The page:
1. Introduction Creativity is crucial in current real-world settings, as innovation is one of the survival conditions for organizations in a competitive and technological environment (Oldham & Da Silva, 2015). A greater number of creative ideas may emerge from people working together (Glăveanu, 2011), such as scientists who have to solve complex problems (Dunbar, 1995 and Michinov, 2012a), managers who have to generate new ideas to improve organization behaviors (West & Anderson, 1996), designers who have to imagine new products (Sutton & Hargadon, 1996), and so forth. In groups where individuals have to collaborate to be creative, comparison with other group members appears to be a crucial factor which may influence their own creativity (Paulus & Dzindolet, 2008) and the attention they pay to the ideas of their collaborators during a creative task (Paulus & Brown, 2007). To date, the impact of social comparison on creative performance and attention to others’ ideas during a computer-mediated idea-generation task has not been extensively examined while controlling for participants’ own creativity. In the scientific literature, creativity is commonly defined as the production of ideas, products, and solutions to problems that are both novel (original) and appropriate (feasible, useful) (Amabile, 1996, Paulus and Nijstad, 2003 and Sternberg and Lubart, 1999). To stimulate creativity, a group idea-generation technique was developed and popularized under the name of brainstorming (Osborn, 1957). This technique has been extended to electronic brainstorming, in which group members simultaneously produce as many ideas as possible on computers in a short period of time (Cooper et al., 1998, Dennis and Williams, 2003, DeRosa et al., 2007, Michinov, 2012a and Paulus et al., 2013). The goal of (electronic) brainstorming is to generate a list of ideas, applying four rules (Osborn, 1957): (a) focus on quantity, (b) withhold criticism, (c) welcome unusual ideas, and (d) combine and improve one’s own ideas and those of other participants (piggybacking). The latter rule consists of extending the line of thought suggested by someone else in the group, building on the ideas of others, improving, combining and integrating one’s own ideas and those produced by others ( Javadi et al., 2013 and Kohn et al., 2011). To be efficient, combination and integration processes require individuals to pay attention to others’ ideas. However, one of the problems of electronic brainstorming is that individuals focus on generating their own ideas instead of looking at the ideas produced by others ( Dennis et al., 2005). Although the extent to which group members allocate their attention to the ideas of others is considered to be an important factor in the creative performance of groups ( Ferreira et al., 2011, Paulus and Brown, 2007, Paulus and Yang, 2000 and Paulus et al., 2013), the manner of achieving this has not been thoroughly and explicitly examined in the brainstorming literature. Because allocating attention to the ideas of others is not spontaneous in electronic brainstorming, participants need to be given specific instructions ( Dugosh et al., 2000 and Paulus and Yang, 2000) or be motivated to do so ( de Dreu et al., 2011, de Dreu et al., 2008 and Paulus et al., 2011). One way of motivating participants to focus their attention on the ideas produced by others, and potentially improve creative performance, involves inducing social comparison by providing information about the performance of others ( Jung et al., 2010, Roy et al., 1996 and Shepherd et al., 1996), and more specifically of others who are better performers (upward comparison) ( Dugosh and Paulus, 2005 and Paulus and Dzindolet, 1993). To examine this issue further, the present research aimed to investigate the impact of social comparison on creative performance in an electronic brainstorming task, using eye tracking to evaluate in real time the attention paid to ideas produced by others. Additionally, we investigated the role of individual differences in creativity as a potential moderating variable, which surprisingly has not been explored in brainstorming research since the pioneering experiment in this domain (Taylor, Berry, & Block, 1958). The theoretical part of the paper is structured as follows. First, we describe the effects of social comparison on performance of cognitive tasks and on attention allocated to others’ ideas during electronic brainstorming. Next, we describe the potential moderating impact of individual differences in creativity on the relationship between social comparison and creative performance and attention to others’ ideas. Finally, we put forward a series of hypotheses based on the theoretical background.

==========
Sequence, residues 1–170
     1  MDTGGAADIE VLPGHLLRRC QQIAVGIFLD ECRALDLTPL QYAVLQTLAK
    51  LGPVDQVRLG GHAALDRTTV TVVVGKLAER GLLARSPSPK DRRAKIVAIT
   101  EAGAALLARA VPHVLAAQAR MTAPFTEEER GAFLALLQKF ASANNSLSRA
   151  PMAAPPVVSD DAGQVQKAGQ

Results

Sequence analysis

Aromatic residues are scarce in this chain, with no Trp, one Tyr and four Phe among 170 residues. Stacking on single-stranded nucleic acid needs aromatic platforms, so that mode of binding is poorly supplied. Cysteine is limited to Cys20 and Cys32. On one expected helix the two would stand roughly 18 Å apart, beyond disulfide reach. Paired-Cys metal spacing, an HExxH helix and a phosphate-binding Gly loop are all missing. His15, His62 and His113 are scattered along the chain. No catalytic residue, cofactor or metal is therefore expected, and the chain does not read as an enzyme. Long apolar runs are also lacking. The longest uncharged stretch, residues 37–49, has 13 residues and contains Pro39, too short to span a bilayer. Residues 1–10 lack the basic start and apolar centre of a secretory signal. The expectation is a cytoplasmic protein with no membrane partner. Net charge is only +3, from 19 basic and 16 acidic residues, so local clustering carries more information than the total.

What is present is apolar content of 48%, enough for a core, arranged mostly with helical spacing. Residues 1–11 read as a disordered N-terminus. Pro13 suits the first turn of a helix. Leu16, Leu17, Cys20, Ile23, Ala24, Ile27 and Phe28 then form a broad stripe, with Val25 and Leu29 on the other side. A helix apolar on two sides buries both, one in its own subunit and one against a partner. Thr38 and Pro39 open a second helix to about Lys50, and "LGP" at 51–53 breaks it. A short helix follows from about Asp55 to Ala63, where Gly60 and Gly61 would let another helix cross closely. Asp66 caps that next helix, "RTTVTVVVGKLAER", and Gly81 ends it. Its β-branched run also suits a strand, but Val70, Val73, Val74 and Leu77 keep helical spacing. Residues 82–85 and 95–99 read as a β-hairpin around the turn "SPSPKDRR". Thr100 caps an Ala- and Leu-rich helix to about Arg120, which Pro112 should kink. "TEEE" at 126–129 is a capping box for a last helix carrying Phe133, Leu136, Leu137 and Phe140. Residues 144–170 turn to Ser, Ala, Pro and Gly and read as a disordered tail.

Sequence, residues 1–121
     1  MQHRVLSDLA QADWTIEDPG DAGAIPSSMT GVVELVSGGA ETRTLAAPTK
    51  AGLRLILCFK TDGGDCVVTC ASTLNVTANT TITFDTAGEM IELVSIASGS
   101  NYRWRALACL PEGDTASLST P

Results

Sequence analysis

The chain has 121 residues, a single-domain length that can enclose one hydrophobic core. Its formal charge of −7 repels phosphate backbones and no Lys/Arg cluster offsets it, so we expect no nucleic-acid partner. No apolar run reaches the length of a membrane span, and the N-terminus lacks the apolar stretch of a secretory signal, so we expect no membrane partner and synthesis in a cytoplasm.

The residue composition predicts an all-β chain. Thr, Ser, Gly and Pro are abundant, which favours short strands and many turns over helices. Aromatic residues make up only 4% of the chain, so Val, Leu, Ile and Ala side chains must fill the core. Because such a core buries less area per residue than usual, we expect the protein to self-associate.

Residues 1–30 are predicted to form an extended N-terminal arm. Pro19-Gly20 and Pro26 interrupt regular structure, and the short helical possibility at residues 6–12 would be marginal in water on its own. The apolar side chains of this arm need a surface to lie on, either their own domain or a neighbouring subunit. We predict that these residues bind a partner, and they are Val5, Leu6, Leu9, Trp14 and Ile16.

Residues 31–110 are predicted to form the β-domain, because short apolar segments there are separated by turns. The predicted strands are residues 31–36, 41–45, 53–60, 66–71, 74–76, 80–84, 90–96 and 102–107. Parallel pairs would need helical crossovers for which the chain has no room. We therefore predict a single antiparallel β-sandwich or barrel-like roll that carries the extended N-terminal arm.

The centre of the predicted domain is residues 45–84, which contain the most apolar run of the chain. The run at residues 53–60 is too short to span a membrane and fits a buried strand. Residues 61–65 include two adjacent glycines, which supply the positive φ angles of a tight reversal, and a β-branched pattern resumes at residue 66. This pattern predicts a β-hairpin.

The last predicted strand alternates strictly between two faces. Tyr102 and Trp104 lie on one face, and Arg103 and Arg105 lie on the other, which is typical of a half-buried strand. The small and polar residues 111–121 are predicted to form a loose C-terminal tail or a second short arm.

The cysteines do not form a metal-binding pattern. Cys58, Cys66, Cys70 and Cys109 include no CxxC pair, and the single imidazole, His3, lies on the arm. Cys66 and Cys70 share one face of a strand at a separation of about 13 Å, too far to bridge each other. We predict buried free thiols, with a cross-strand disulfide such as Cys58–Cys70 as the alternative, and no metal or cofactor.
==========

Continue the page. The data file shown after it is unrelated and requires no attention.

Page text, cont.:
نتیجه گیری انگلیسی
. Conclusion The present findings support the cognitive–social–motivational model of group ideation (Paulus & Brown, 2007) which posits that attention is one of the crucial variables influencing cognitive tasks such as idea generation. To our knowledge, this study provides the first empirical evidence supporting this proposition, showing that upward comparison with a more creative partner boosts not only the performance of the most creative individuals, who generate ideas of better quality, but also the attention to the ideas of a partner. Our results show that social comparison, moderated by individual differences in creativity, has an impact not only on the quality of ideas produced, but also on the attention allocated to those produced by a partner, as measured in real-time by an eye-tracker. Because eye movements are correlated with self-reported social comparison (Ju & Johnson, 2010), and creative individuals are influenced by comparing themselves with a more creative partner, eye-tracking techniques open up new opportunities to link social comparison and brainstorming research in the future.